Decontamination showers are used at sites where hazardous substances threaten residential or commercial properties. These are integral to the decontamination process and only differ slightly from regular showers. They are typically used on humans who have been exposed to dangerous substances. To fully understand them, it is crucial to know more about how these portable devices work.
How They Work
Traditionally these units are made from steel, so they remain completely free of bacteria and operate via a lever. When the lever is activated, water neither too hot nor too cold is released from a wide head. Today, these showers can often be found without a lever and activate based on motion detectors. They are typically placed within a 10-second walking distance of the site of harmful substances under a secluded tent to provide immediate eradication of contaminants.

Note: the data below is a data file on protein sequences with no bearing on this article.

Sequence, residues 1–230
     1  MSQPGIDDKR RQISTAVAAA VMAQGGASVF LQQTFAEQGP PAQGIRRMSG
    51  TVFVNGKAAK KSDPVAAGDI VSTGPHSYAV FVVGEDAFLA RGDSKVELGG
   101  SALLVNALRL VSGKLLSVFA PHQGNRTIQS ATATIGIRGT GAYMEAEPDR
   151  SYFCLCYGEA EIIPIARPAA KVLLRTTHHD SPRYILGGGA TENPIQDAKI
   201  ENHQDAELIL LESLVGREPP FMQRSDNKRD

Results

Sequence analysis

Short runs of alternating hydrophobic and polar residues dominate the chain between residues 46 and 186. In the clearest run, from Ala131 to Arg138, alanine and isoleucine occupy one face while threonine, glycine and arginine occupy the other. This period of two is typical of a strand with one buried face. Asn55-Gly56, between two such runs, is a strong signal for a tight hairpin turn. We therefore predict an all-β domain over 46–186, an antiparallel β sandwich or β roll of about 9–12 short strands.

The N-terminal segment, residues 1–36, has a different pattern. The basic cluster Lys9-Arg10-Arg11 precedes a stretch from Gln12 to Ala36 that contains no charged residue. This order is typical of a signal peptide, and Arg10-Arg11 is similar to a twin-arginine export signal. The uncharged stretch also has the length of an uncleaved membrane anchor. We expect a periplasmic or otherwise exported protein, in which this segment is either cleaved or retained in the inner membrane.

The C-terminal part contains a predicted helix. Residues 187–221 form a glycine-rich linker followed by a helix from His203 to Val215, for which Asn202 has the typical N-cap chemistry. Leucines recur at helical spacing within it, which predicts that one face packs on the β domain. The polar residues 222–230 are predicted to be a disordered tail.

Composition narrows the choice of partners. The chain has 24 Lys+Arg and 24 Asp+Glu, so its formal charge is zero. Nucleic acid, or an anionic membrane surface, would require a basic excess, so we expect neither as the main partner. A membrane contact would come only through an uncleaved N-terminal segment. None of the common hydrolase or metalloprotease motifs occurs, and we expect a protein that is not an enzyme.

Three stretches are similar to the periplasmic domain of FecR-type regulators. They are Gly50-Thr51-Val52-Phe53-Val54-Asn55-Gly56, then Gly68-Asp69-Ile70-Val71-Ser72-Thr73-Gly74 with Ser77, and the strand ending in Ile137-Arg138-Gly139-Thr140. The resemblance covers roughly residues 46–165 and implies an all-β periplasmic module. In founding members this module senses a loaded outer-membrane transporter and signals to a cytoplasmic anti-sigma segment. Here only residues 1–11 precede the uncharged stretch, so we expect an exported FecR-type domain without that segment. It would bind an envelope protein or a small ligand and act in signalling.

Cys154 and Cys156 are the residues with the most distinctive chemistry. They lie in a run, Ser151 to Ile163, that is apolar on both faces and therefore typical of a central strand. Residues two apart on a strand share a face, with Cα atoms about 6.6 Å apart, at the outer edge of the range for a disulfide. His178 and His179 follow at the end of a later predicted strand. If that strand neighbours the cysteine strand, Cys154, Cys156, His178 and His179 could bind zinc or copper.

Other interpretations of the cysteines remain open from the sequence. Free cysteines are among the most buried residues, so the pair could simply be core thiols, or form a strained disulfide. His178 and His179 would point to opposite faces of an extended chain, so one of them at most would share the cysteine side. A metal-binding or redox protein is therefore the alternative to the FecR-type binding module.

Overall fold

How You Use Them
If you are exposed to a hazardous substance, you should immediately locate one of these showers. You will start the decontamination process by undressing and entering the shower, where you will stay for fifteen minutes. The wider showerhead will make this process easy, so you don’t have to move around to ensure every part of your body is cleaned.
When They Are Used
Although most people believe they are common during emergencies, these showers are typically found at worksites where workers are exposed to contamination. Here, showers will be permanently placed within a short distance of the worksite, so workers can quickly reach them and begin decontamination. In these cases, the number of showers at one site depends on the number of employees stationed there.
These showers are crucial for removing hazardous chemicals and substances from individuals who have been exposed. They are easy to use and can be found at many worksites where employees are exposed to dangerous materials.